Agreed!! (sort of) I think automation is good, or can be good, when used in conjunction with real, human social media engagement and interaction. For example, go ahead and auto-post your blog entries to twitter, but be present on twitter afterwards to facilitate additional discussion about the blog post. Its the being present part, and having conversations part that gets lost with the inappropriate use of automation.
Honestly, I wear myself out some weeks trying to be real and I agree one hundred percent! I do have facebook posts that auto-post to Twitter but only in that it has a value – e.g. our fare sales. Real posts are written separately for each venue as they should be.
This reminds me of when I watched a few episodes of “Operation Repo” and then found out it was a fake reality show. Good grief! I should have known those people were too out there to be real.
Oops, I don’t need to agree with you-you are my social media teacher so you already know I do!
Automation sucks! “You wouldn’t send a robot on a first date, would you?” I love it!
I’m with Phil…in the middle. I automate my tweets, from the perspective that I set them up the day before they actually go out. So, for instance, I will tweet this video on Monday. Let’s go ahead and say at 10 a.m. I’m going to go ahead and set it up now because on Monday at 10 a.m., I’ll be in a staff meeting and won’t be able to send it. I do this so, when I am on Twitter, I can have conversations and I’m not so worried about getting the content out. The content is going out automatically, it’s creating DMs, RTs, and @ replies. And then I spend my time talking to those people.
So…automation sucks if you’re not having real conversations at all or don’t know how to use automation correctly, but it’s helpful in some instances.
Gini and Phil, I really do agree with both of you and do use some of the scheduling tools and do not even have an issue with cross posting when it is done thoughtfully. Gini, scheduling or setting up tweets to go out at specific times doesn’t fit my personal definition of automation. Automation to me is the auto-DMs and @replies that are triggered to show up based on certain keywords. Automation is the lazy, thoughtless approach that – granted – is so tempting to take because it saves so much time – of using tools to auto-post a new blog across all of your platforms. It’s being overdone and I’m concerned about the growing number of SM consultants recommending that clients, especially small businesses automate rather than remaining real, human, authentic and genuinely responsive.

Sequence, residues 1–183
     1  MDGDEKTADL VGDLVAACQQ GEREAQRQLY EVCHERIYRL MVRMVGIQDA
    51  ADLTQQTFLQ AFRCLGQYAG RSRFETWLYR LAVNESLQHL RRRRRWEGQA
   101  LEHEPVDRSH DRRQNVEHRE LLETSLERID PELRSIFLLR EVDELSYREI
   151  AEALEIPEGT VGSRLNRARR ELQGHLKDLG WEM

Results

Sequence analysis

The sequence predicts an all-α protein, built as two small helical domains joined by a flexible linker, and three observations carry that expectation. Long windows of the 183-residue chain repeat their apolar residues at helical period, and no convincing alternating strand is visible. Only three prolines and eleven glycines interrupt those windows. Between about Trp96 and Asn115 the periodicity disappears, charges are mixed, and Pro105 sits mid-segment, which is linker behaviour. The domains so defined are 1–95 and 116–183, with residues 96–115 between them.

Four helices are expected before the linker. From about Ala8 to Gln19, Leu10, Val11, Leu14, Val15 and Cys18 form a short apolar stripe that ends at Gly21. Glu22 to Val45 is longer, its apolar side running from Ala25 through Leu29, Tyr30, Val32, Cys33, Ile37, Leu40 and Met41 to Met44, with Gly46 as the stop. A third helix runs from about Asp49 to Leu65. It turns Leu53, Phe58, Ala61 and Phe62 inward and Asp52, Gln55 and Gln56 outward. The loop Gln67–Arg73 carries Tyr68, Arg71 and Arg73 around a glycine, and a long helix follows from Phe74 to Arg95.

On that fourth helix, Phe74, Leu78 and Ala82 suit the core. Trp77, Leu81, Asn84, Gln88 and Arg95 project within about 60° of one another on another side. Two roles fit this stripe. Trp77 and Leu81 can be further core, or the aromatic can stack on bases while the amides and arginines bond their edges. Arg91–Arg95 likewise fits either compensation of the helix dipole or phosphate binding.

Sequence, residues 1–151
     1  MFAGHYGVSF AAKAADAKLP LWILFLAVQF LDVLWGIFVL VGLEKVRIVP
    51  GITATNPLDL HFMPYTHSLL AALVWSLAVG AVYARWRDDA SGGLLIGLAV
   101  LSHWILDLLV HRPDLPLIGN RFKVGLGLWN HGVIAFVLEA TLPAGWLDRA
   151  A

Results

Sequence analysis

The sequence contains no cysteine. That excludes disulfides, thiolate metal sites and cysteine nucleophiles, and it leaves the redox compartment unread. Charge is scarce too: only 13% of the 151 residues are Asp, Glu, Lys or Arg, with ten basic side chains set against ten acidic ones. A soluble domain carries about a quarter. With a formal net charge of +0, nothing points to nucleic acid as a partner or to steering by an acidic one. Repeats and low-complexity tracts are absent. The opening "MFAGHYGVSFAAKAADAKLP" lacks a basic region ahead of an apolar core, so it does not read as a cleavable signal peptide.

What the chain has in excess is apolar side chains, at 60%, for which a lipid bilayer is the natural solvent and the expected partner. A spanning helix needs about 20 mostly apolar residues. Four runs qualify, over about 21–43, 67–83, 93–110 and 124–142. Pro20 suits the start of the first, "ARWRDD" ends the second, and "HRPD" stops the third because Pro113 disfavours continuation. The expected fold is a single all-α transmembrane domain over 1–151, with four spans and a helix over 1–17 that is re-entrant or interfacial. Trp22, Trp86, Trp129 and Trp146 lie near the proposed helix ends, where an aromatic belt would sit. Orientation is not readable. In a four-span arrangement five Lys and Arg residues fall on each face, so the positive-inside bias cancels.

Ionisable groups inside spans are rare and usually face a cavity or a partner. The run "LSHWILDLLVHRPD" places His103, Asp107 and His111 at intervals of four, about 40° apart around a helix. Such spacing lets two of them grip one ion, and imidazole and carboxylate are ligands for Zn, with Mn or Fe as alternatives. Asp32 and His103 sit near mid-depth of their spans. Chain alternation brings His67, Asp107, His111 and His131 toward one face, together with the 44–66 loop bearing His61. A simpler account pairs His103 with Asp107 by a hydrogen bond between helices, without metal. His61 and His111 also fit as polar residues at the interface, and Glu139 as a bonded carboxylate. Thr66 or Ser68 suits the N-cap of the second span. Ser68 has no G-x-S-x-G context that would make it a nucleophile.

This is brilliant! I can give you an excellent real-world example of why automation stinks. Shall I? Yes? OK. Here goes.
I live in central New Hampshire and work for an institution that focuses on central and northern New Hampshire, and the Northern Forest region (upstate NY, Vermont, NH, Maine, and adjacent portions of Canada). Here’s the thing: almost NONE of our intended audience members have high speed connections and mobile phone coverage is spotty. I know it’s difficult for more urban counterparts to imagine, but the vast majority of our target population has dial-up service, or uses something hideously over-priced and under-delivered like Wild Blue. So, imagine the warm good feelings we would engender if every single one of our social media activities automatically updated every social media channel with which we are affiliated! YIKES!